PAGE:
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Secure Cluster Formation in BSN using Physiological Values. Krishna Venkatasubramanian IMPACT Lab CSE 591 Embedded Networks Final Presentation. Overview. Pervasive Healthcare Biomedical Sensors and Stimuli Physiological Value-based Security Secure Cluster Formation Security Analysis

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secure cluster formation in bsn using physiological values

Secure Cluster Formation in BSN using Physiological Values

Krishna Venkatasubramanian

IMPACT Lab

CSE 591 Embedded Networks

Final Presentation

overview
Overview
  • Pervasive Healthcare
  • Biomedical Sensors and Stimuli
  • Physiological Value-based Security
  • Secure Cluster Formation
  • Security Analysis
  • Prototyping Results
pervasive computing healthcare

Camera

EEG

EKG

BP

SpO2

GPS

Mp3

PDA/

Gateway

Feedback for Adaptation

Medical Sensor Plane

Motion

Sensor

Actuation

(drug-delivery)

Management Plane

Knowledge Generation

Plane

Doctor

Physiological

Data

Knowledge

Patient

  • Collect Medical Data
  • Local Processing
  • Medical Actuation
  • Storage Management
  • Sensor Management
  • Generate Context

Generate

Knowledge

Pervasive Computing & Healthcare

Pervasive Computing

Pervasive Healthcare

Use Pervasive Computing for day-to-day healthcare management (monitoring + treatment), made possible by development of biomedical sensors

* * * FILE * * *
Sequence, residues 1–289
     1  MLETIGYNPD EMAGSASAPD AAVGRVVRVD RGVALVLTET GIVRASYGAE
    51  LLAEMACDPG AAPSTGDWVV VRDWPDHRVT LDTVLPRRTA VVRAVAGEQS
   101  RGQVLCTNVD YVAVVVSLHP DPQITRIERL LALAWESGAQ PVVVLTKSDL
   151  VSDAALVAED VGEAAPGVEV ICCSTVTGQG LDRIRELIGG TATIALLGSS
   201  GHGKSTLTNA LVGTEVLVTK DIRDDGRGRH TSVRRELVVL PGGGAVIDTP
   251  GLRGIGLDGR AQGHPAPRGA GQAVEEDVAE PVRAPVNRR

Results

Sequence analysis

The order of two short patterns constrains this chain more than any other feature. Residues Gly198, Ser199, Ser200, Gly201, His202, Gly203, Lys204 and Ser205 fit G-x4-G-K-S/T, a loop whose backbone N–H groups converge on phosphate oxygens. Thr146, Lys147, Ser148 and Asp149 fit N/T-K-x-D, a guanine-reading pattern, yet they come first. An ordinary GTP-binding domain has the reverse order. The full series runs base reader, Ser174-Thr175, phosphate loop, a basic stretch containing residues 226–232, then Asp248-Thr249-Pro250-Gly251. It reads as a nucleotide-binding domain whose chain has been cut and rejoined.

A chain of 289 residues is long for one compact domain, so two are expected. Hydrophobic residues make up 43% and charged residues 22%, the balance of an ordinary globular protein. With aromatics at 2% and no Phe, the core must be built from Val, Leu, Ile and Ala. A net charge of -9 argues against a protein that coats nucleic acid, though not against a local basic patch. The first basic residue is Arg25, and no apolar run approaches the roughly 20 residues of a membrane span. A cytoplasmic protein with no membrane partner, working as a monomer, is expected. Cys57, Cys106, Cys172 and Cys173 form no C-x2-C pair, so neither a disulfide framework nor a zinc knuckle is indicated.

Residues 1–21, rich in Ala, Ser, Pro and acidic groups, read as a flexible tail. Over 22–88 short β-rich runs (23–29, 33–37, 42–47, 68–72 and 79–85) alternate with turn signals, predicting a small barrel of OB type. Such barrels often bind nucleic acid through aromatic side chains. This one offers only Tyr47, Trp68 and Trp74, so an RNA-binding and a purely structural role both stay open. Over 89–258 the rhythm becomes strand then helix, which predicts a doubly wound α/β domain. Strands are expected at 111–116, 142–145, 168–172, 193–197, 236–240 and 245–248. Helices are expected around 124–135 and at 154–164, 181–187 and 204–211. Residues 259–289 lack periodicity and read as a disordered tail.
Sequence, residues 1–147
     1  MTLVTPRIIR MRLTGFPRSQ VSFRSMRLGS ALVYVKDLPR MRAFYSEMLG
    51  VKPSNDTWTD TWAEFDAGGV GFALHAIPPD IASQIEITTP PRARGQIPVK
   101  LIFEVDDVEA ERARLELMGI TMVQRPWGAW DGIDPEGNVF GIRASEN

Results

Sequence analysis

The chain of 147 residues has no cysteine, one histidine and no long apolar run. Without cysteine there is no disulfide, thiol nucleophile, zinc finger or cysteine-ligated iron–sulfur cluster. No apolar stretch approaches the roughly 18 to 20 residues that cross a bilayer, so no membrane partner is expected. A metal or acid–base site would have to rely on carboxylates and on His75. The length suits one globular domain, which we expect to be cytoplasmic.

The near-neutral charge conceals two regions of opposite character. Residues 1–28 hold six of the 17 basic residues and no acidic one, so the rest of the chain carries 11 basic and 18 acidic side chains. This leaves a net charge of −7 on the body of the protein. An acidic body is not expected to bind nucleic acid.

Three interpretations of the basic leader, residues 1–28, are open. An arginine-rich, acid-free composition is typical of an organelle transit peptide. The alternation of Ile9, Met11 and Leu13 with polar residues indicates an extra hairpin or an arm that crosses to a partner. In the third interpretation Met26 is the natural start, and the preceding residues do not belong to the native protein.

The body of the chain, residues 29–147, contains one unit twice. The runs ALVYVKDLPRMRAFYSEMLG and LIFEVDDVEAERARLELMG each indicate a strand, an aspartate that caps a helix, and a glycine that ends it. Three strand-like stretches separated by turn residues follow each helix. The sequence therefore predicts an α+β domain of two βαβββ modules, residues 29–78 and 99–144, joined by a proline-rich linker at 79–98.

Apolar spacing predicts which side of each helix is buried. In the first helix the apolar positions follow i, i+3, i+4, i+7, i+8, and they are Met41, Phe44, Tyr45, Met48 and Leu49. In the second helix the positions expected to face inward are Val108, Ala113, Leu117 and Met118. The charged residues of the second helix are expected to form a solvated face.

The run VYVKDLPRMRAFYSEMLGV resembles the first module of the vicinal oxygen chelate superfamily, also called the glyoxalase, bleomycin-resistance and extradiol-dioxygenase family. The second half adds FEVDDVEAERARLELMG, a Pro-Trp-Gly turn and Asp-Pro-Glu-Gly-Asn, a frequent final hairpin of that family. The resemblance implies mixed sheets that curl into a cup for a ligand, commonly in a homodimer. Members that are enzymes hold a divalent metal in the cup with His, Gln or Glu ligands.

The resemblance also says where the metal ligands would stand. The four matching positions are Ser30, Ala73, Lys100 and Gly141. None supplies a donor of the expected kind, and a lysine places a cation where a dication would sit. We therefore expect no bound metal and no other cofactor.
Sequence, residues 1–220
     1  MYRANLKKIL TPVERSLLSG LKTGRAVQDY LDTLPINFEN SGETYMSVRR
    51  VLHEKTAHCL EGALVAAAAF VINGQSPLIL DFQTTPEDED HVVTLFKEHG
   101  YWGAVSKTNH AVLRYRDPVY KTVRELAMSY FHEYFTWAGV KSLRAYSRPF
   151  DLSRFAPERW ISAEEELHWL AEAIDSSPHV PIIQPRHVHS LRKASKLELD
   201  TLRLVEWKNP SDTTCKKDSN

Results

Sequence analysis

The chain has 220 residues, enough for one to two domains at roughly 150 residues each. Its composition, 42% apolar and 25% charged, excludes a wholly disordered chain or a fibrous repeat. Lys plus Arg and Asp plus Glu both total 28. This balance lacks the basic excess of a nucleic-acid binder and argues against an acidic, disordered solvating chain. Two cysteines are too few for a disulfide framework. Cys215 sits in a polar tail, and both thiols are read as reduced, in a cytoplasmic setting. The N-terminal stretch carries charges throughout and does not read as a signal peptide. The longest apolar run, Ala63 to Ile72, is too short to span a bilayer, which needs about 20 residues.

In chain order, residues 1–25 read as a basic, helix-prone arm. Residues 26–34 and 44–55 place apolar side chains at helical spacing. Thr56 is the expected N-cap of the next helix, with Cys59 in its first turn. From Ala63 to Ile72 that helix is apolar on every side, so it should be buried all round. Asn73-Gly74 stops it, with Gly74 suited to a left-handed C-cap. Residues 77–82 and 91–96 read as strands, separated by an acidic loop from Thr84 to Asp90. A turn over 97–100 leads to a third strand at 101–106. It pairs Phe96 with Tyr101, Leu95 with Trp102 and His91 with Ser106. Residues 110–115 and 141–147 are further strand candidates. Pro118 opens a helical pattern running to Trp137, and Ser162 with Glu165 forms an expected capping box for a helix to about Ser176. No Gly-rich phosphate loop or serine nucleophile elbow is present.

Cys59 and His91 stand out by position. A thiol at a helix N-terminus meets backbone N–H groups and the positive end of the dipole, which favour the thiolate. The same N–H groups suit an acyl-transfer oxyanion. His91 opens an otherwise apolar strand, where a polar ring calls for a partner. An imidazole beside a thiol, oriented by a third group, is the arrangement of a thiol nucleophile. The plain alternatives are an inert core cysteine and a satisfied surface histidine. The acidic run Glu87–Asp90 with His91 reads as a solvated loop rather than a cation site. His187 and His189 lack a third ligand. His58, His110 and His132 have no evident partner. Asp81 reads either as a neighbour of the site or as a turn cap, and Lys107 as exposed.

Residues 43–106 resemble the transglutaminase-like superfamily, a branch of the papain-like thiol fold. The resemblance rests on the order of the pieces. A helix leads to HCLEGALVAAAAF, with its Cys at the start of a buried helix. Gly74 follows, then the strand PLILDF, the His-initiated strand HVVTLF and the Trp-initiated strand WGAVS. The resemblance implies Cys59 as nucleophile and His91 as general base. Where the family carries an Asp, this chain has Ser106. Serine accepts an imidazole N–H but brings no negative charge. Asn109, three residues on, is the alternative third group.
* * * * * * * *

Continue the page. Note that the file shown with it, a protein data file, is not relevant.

Personalized computing power available everywhere, by embedding computing in user’s environment.

BSN

  • Features:
  • Merger of Physical and Virtual Space
  • Uses computing entities which are:

- tiny/ cheap

- specialized

- unsupervised

- interconnected

  • Features:
  • Extends BSN with embedded medical sensors
  • No time & space restrictions for healthcare
  • Better coverage and quality of care to all.

Overview

Some Applications

Sports Health

Management

Assisted

Living

Disaster

Relief

Management

Medical Facility

Management

GOAL:Enable independent living, general wellness and disease management.

biomedical sensors biosensors
Biomedical Sensors (Biosensors)

Inter-Pulse-Interval (V’1)

Inter-Pulse-Interval (V1)

EKG

EKG

Inter-Pulse-Interval (V2)

=

=

Inter-Pulse-Interval (V’2)

PPG

PPG

  • Physiological Values (PV): Measure Stimuli from bodye.g. EKG, PPG(Photoplethysymograph)
  • PVs are universally collectable, vary with time and can have similar values in one human being